Yang Qiezi

Stuffed Aubergine

Preparation info

  • Difficulty


  • Serves


    as Part of a Chinese Meal, or 2 as a Single Dish.

Appears in

Of the many dishes I enjoyed in Beijing, this was among the most pleasing. Aubergine, of which there are many varieties, was introduced many centuries ago, probably from India. They are best eaten immediately after being picked as they can quickly become quite bitter. The ones that the Qu family served me were in season and at their peak of flavour. Stuffing added substance to the subtle aubergine taste and frying gave them a crusty exterior. Enjoy them straight from the wok, for they tend to soften up if they sit too long, though they remain delicious. The stuffing can be made well ahead of time, but dip the vegetables in the batter only when you are about to fry them.



  • 4 tablespoons cornflour
  • 2 tablespoons unbleached white all-purpose flour
  • 1 teaspoon baking powder
  • 2 eggs, beaten
  • 2 tablespoons beer or water


  • 125 g/4 oz minced pork
  • 125 g/4 oz medium-sized uncooked prawns, peeled and finely chopped
  • 3 tablespoons finely chopped spring onions
  • 2 tablespoons dark soy sauce
  • 1 tablespoon rice wine or dry sherry
  • 1 tablespoon sesame oil
  • 1 teaspoon salt
  • 1 teaspoon Freshly ground black pepper
  • 450 g/1 lb Chinese aubergines (about 4 medium-sized)
  • 850 ml/ pt peanut oil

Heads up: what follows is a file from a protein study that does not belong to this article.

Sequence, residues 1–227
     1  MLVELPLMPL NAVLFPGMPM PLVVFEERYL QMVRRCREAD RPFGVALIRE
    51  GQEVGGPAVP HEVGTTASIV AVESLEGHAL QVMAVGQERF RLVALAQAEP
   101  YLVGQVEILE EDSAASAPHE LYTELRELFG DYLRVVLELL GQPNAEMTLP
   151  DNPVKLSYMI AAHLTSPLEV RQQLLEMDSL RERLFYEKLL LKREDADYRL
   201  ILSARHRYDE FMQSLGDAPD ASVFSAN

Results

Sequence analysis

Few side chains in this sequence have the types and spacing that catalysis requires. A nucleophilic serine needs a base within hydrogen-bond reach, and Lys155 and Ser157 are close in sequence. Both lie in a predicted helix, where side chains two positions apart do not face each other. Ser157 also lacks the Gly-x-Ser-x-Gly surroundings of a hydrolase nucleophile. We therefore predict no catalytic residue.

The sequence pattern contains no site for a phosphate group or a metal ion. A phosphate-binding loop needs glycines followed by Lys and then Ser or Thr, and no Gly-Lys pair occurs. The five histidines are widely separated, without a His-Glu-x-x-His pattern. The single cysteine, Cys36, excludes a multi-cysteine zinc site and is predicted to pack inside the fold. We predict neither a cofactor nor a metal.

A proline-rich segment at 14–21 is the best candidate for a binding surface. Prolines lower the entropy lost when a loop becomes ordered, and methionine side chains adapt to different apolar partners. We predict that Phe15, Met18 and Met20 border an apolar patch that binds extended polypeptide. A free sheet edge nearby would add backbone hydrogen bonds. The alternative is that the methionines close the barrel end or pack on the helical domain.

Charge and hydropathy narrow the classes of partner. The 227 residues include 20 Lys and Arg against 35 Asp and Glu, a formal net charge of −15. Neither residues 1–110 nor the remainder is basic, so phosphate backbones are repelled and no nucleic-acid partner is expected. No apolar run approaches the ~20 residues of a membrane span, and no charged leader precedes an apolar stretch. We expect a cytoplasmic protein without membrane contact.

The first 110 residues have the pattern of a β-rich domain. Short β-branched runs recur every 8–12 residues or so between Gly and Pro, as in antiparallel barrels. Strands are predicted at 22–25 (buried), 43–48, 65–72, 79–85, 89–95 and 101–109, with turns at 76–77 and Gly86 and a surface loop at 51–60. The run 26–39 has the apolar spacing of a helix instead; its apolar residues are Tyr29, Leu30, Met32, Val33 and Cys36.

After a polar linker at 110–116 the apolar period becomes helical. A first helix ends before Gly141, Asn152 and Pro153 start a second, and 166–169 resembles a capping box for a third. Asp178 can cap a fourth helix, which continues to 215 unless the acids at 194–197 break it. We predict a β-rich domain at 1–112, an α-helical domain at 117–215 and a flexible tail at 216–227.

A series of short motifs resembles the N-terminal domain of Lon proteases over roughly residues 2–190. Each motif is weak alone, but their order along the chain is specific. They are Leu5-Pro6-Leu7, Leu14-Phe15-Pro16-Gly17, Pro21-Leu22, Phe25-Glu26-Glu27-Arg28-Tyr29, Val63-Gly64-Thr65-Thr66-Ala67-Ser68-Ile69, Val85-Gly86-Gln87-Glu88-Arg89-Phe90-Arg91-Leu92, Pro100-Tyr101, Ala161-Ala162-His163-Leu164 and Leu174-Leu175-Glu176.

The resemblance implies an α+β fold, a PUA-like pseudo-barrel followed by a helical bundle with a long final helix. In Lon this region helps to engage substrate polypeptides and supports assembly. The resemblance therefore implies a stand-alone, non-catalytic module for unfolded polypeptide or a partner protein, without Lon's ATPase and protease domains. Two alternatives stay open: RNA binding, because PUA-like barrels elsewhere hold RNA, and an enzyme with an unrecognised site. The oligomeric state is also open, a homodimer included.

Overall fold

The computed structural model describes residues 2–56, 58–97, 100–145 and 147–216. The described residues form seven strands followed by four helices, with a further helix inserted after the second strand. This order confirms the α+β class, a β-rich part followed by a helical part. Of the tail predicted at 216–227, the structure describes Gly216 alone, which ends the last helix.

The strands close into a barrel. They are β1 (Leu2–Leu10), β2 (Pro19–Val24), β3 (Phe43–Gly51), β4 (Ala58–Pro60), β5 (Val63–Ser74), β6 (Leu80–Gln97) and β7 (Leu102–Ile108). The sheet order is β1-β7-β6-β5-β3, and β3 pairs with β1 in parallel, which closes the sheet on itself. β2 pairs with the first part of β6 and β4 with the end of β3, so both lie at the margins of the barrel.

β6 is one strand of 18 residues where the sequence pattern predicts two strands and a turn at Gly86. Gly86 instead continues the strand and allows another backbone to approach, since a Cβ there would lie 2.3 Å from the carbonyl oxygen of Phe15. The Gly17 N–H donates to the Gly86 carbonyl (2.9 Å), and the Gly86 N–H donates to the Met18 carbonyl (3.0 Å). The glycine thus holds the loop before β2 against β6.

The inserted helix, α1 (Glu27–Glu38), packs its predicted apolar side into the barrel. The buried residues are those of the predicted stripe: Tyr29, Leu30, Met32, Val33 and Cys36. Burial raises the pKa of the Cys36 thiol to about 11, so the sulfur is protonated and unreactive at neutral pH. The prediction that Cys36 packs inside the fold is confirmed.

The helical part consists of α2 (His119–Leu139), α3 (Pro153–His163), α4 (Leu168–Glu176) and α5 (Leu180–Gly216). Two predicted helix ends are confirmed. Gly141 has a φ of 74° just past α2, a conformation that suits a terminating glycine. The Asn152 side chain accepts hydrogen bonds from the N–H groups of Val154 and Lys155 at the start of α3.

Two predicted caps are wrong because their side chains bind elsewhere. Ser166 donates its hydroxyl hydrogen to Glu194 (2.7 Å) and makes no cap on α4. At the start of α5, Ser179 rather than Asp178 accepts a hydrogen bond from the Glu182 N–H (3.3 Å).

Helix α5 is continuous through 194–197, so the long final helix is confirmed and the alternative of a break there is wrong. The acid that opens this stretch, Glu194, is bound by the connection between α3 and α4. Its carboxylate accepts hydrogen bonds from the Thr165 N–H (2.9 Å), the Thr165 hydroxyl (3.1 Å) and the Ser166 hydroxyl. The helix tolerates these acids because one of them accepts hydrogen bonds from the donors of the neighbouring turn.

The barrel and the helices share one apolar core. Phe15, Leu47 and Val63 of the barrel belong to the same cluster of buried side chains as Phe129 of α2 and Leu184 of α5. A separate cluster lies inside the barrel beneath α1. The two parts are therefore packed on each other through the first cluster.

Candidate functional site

In a medium-sized bowl, mix the batter ingredients until smooth and set aside to rest for 5 minutes.

In a medium-sized bowl, combine the pork, prawns, onions, soy sauce, rice wine or sherry, sesame oil, salt, and pepper and mix together thoroughly.

Slice the aubergines into 6-mm/¼-in rounds. (If you are using the larger variety, cut them into rounds, and then quarter them.) With a knife, spread a thin layer of the meat filling on one side of an aubergine slice and place another one on top and press together like a small sandwich. Continue this procedure until you have used all the aubergine rounds.

Heat a wok or large frying pan with the oil. Using cooking tongs and chopsticks, dip the stuffed rounds into the batter and then drop each gently into the hot oil. Be careful of splatters. Place as many rounds into the wok as will fit easily on one layer. Turn them gently and fry them until they are golden brown on both sides and cooked inside, about 4 minutes. Adjust your heat to keep the oil very hot but not enough to burn the rounds. Remove the rounds with a slotted spoon and drain on kitchen paper. Cook and serve the aubergine rounds in several batches so they are always hot and crispy.